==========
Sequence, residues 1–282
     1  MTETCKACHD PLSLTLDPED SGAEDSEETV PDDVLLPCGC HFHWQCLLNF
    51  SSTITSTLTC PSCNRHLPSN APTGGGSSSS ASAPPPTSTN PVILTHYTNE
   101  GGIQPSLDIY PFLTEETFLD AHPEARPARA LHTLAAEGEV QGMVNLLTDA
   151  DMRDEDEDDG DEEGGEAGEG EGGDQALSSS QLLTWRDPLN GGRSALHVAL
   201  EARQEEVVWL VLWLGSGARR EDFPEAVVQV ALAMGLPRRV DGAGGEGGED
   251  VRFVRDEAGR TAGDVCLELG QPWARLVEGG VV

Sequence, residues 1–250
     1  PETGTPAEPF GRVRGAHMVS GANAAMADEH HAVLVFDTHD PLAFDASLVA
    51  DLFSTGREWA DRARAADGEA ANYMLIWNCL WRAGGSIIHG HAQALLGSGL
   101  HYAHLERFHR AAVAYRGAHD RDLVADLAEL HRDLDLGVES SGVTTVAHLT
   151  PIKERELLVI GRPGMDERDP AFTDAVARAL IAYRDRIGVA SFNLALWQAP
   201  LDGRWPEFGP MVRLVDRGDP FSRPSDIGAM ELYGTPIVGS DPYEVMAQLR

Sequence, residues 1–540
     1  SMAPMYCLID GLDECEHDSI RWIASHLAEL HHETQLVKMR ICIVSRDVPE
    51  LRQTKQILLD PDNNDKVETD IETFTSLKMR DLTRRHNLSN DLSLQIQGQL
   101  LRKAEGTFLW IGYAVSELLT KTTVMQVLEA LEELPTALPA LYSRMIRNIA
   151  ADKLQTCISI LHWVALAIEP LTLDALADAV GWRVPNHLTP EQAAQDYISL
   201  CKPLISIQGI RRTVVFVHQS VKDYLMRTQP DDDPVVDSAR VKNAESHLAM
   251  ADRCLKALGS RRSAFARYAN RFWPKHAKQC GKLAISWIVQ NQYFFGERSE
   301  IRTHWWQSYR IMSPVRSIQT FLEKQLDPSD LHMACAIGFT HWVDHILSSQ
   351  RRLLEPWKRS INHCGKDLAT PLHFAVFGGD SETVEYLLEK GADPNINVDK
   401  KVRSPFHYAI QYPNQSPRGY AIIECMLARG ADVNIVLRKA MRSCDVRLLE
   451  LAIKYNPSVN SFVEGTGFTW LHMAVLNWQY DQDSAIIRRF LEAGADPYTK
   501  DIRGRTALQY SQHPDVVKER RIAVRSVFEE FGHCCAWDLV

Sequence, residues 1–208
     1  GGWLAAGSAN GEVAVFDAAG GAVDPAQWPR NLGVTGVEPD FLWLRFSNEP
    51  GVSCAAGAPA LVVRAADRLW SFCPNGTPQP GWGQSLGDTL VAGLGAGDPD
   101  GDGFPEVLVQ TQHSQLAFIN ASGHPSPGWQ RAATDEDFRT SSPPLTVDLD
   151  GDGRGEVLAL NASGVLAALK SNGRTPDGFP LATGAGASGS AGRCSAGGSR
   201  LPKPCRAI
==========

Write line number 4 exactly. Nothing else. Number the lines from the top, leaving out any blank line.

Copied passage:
   101  GGIQPSLDIY PFLTEETFLD AHPEARPARA LHTLAAEGEV QGMVNLLTDA